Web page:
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William F. Fox, Lt. Col. U. S. V., Regimental Losses in the American Civil War, 1861-1865: A Treatise on the extent and nature of the mortuary losses in the Union regiments, with full and exhaustive statistics compiled from the official records on file in the state military bureaus and at Washington 94 2 Browse Search
Comte de Paris, History of the Civil War in America. Vol. 2. (ed. Henry Coppee , LL.D.) 16 0 Browse Search
Harper's Encyclopedia of United States History (ed. Benson Lossing) 16 2 Browse Search
D. H. Hill, Jr., Confederate Military History, a library of Confederate States Military History: Volume 4, North Carolina (ed. Clement Anselm Evans) 16 0 Browse Search
Horace Greeley, The American Conflict: A History of the Great Rebellion in the United States of America, 1860-65: its Causes, Incidents, and Results: Intended to exhibit especially its moral and political phases with the drift and progress of American opinion respecting human slavery from 1776 to the close of the War for the Union. Volume II. 15 1 Browse Search
Edward Porter Alexander, Military memoirs of a Confederate: a critical narrative 14 0 Browse Search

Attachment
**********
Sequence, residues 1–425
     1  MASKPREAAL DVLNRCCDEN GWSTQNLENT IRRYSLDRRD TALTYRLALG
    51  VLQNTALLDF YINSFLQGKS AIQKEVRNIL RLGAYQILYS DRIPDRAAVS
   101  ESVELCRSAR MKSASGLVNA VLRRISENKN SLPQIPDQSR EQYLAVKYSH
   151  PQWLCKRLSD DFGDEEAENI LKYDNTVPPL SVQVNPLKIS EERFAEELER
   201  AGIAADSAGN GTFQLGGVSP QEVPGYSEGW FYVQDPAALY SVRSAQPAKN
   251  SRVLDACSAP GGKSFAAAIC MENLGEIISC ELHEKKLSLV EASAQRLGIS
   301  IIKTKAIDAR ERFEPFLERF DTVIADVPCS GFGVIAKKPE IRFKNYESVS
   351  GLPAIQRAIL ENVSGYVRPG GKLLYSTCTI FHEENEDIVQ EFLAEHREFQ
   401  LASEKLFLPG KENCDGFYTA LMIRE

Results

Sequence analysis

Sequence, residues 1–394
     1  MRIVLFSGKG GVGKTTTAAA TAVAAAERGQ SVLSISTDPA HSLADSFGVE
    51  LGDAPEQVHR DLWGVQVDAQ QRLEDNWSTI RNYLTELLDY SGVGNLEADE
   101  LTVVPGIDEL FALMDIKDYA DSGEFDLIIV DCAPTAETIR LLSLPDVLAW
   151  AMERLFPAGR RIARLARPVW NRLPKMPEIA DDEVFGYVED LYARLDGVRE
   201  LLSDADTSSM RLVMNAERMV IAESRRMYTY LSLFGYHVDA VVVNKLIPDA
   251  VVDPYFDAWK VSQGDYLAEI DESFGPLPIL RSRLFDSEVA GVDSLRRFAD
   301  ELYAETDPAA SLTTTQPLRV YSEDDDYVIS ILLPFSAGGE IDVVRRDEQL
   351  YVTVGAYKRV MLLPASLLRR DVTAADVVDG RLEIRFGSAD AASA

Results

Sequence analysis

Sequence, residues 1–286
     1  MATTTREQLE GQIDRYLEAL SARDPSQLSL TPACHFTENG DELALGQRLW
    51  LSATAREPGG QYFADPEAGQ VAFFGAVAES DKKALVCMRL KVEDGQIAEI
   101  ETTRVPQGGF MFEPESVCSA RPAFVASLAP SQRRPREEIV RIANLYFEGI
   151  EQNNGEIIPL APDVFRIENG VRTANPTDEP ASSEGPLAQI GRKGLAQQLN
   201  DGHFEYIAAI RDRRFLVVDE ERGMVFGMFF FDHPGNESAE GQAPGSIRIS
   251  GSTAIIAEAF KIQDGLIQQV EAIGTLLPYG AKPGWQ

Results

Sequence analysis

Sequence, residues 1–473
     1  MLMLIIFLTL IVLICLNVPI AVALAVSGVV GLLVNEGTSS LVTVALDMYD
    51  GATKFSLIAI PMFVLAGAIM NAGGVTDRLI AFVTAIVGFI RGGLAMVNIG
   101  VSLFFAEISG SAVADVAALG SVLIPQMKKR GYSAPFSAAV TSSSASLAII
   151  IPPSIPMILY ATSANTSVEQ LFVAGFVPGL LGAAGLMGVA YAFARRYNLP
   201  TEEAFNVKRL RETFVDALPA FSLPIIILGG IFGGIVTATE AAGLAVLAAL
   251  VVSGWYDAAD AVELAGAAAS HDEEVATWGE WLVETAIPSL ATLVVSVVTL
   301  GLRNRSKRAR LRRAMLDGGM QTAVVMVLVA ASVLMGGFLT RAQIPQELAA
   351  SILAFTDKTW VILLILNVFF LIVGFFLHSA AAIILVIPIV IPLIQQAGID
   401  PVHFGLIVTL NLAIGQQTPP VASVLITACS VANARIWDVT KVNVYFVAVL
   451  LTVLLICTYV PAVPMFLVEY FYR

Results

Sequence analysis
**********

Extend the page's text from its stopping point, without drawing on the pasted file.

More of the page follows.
Benson J. Lossing, Pictorial Field Book of the Civil War. Volume 2. 11 1 Browse Search
Southern Historical Society Papers, Volume 12. (ed. Reverend J. William Jones) 10 0 Browse Search
William Swinton, Campaigns of the Army of the Potomac 10 0 Browse Search
Rebellion Record: a Diary of American Events: Documents and Narratives, Volume 4. (ed. Frank Moore) 9 5 Browse Search
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Browsing named entities in The Daily Dispatch: July 11, 1862., [Electronic resource]. You can also browse the collection for Morell or search for Morell in all documents.

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the day was comparatively cool. Still the dust and smoke partially concealed the dreadful carnage. The enemy's guns were by no means without their effect upon our side, and the dead and wounded were literally covering the field, while as the enemy advanced nearer and nearer, the old dwelling turned into a hospital was immediately under fire; still the surgeons and nurses never flinched, and the stretchers and ambulances came in with their loads of wounded. As the enemy approached, Gen. Morell's division met them, received their distant fire, and, advancing, poured in volley after volley while the several pieces of artillery directed to this point threw canister and grape, and, as it were, mowed them down by battalions. The enemy could not bear it, and our troops fought against a second relief of fresh troops in several instances, and then charging, drove them from the field. Another column came up in front of Gen. Sykes, when the regulars met them in a most admirable and det